“Nasser, Pollock, Wooldridge for council”

"Continued pressures from growth, the imminent disappearance of island farmlands, unmitigated highway traffic spurred on by poor regional planning – the next city council will face issues that go to the very heart of Bainbridge Island living.Four races, three of them opposed, will determine the direction of island planning and policy-making well into the next millennium."

  • Saturday, October 23, 1999 3:00pm
  • News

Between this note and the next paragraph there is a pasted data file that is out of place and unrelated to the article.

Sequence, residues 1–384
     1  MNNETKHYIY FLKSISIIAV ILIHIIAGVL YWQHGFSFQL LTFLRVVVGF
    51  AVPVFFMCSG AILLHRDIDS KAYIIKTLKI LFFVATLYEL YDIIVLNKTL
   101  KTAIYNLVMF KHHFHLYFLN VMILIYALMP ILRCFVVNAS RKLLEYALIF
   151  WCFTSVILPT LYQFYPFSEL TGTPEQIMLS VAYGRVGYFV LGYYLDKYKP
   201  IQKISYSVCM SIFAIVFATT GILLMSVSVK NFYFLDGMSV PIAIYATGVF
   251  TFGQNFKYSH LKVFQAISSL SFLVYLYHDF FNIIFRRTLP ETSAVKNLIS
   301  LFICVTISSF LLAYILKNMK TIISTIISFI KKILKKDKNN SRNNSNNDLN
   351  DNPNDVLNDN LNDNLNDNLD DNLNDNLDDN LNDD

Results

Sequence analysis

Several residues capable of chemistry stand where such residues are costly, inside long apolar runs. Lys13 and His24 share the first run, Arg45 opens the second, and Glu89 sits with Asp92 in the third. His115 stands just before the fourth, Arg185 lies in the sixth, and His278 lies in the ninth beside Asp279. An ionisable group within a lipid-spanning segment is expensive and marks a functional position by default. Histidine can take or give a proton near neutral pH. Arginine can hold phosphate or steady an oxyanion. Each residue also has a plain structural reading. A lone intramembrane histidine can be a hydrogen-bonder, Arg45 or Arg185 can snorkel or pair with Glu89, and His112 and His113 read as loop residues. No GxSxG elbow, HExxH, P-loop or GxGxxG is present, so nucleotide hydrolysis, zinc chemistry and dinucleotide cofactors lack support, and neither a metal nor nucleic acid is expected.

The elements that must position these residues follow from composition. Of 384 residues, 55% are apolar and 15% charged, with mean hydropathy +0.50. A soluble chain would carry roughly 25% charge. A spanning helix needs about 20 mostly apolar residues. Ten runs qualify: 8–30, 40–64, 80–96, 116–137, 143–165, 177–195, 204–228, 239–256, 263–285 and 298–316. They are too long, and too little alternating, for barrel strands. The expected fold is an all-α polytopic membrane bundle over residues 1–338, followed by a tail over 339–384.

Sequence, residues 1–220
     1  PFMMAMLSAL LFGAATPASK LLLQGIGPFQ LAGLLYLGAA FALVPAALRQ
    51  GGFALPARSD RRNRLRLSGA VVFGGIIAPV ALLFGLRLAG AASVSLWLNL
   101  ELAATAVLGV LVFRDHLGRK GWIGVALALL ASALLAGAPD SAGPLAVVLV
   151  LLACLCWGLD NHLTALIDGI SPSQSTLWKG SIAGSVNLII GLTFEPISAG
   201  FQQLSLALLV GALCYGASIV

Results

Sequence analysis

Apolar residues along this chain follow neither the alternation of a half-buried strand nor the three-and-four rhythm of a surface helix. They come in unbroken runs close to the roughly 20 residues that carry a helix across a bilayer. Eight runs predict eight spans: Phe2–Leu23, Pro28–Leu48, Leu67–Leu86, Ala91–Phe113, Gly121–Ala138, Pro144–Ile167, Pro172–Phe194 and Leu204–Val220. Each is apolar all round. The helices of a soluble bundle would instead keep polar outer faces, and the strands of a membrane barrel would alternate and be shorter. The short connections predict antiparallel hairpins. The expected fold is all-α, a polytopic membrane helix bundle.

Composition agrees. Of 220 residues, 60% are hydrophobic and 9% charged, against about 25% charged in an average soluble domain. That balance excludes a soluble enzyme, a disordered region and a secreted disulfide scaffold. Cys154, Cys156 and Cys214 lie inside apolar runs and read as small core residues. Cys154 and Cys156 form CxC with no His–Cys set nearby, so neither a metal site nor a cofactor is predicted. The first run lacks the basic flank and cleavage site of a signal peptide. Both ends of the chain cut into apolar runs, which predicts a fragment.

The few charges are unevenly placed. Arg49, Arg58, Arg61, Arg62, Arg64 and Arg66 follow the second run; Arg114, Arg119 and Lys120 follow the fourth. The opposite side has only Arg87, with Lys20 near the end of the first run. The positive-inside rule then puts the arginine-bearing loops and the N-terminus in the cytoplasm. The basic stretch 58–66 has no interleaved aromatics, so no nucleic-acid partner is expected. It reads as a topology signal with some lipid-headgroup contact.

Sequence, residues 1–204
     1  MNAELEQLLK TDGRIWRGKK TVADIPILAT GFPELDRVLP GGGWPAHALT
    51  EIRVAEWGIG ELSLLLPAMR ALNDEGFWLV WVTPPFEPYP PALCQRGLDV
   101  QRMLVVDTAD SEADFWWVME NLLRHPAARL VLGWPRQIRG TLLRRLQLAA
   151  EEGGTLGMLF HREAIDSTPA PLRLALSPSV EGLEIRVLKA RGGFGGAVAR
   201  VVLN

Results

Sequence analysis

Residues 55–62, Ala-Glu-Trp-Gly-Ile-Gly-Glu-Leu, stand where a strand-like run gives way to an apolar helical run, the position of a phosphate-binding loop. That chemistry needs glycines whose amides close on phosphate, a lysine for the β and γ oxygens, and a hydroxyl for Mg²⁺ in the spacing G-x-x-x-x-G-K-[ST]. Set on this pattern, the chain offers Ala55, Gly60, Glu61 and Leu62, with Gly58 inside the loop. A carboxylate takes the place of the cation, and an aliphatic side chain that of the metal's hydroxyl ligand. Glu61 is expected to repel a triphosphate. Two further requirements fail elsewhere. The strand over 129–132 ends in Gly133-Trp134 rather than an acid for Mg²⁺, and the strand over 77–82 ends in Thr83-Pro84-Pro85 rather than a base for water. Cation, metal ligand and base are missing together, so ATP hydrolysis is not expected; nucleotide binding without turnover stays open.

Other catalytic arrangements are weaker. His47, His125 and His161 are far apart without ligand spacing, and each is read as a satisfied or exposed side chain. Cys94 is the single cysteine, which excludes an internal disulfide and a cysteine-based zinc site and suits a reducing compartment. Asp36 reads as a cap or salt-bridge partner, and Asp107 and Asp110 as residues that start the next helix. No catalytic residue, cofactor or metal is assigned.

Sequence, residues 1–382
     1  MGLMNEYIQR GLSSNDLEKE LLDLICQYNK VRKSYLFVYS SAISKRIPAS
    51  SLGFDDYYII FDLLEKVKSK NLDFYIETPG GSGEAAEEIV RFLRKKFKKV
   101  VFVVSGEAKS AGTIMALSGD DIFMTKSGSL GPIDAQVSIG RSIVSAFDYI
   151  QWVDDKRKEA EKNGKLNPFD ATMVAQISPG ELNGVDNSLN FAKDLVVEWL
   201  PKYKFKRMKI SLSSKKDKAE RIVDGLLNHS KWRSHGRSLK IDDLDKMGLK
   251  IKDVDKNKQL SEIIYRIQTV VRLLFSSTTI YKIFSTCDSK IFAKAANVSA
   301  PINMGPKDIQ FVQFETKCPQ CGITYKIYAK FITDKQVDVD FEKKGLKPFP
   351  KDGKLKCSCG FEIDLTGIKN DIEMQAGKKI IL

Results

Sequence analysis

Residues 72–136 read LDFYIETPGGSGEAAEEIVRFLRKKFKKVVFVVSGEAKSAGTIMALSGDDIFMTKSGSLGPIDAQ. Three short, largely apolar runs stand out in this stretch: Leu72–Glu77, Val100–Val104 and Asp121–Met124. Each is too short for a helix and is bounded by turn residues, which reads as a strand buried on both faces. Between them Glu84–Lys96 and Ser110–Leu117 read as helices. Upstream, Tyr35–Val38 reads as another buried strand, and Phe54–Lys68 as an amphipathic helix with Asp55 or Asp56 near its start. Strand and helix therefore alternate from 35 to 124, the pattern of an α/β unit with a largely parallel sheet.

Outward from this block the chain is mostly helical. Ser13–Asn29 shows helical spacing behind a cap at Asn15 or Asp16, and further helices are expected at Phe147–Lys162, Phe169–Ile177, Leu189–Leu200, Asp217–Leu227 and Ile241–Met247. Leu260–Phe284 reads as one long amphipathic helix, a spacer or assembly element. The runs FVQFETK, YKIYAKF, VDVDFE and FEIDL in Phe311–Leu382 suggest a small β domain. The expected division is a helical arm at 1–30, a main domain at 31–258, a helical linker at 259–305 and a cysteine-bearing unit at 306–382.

“Continued pressures from growth, the imminent disappearance of island farmlands, unmitigated highway traffic spurred on by poor regional planning – the next city council will face issues that go to the very heart of Bainbridge Island living.Four races, three of them opposed, will determine the direction of island planning and policy-making well into the next millennium. Our endorsements:Of the newcomers, the brightest prospect by far is Christine Nasser, and we give her our enthusiastic support for the South Ward, Position 6 seat. Educated, bright and articulate, we expect Nasser to bring to the council vigor and direction, to match her quick understanding of the issues. In her we also place the hope for a new generation of politically involved, civic-minded islanders who will establish themselves as this community’s future leaders. Opponent Ron Gibbs, an islander for less than two years, has re-geared his message to “leadership.” But it’s hard to get fired up for anyone who declares candidacy before they’ve even read the comprehensive plan.The Central Ward, Position 1, race is problematic. We endorse Michael Pollock over opponent Jeff Moore, albeit a bit grudgingly. Moore has volunteered his time with several advisory groups and become a bit player in a few local issues. But after witnessing his rather bizarre presentation on impact fees before the city council last week, it’s apparent that he’s still trying to make sense of the issues in his own mind. His credibility and effectiveness at this time are, sadly, much in doubt.If Moore’s is a candidacy in search of a position, Pollock’s is one in search of a point. We believe his professional policy-analysis experience would be invaluable on the council in this or any time, and that he would be a far more effective decision-maker than his opponent. Certainly he understands land use law.Yet the only local issue with which he has deigned to get involved has been the “Woodless Village” subdivision in his own back yard. Note to future candidates: If we were running for council, we think we’d attend a lot of meetings, to demonstrate interest and find out how things work. Still, with this upbraiding, Pollock is the clear choice.Running unopposed for the other South Ward, Position 3 seat, is incumbent Lois Curtis. In her terms on the council and planning commission, she has dealt with complex issues with grace and aplomb, and we welcome her return.Finally, in the North Ward, Position 2 seat, we endorse incumbent Norm Wooldridge over the unusual “registered write-in” candidacy of John Eremic. We urge the latter – an impressive thinker who offers dynamic views on growth issues – to mount a full-fledged campaign the next time a north-end seat comes up. But that said, island citizens would be ill-served without Wooldridge on the council for the next four years.First, with the entire council having turned over since 1996, institutional memory is in short supply. That leaves the temptation for others to put the whip anew to dead-horse issues like the storm drain utility, to the exclusion of current, more pressing matters.More important, in losing Andy Maron and Shelly Halligan to retirement, the council loses its only two proven leaders. This is troubling, as over the past few years, the council has devolved into an often mirthless body marked more by mistrust, snidery and grandstanding than actual consensus building. We are counting on Wooldridge to fill the void left by Maron and Halligan and establish himself as organizer and leader, one who will instill in newcomers and incumbents alike a respect for open and consistent process, for decorum and maybe even some much-needed levity at meetings – indeed, for the dignity of the council itself. #####”

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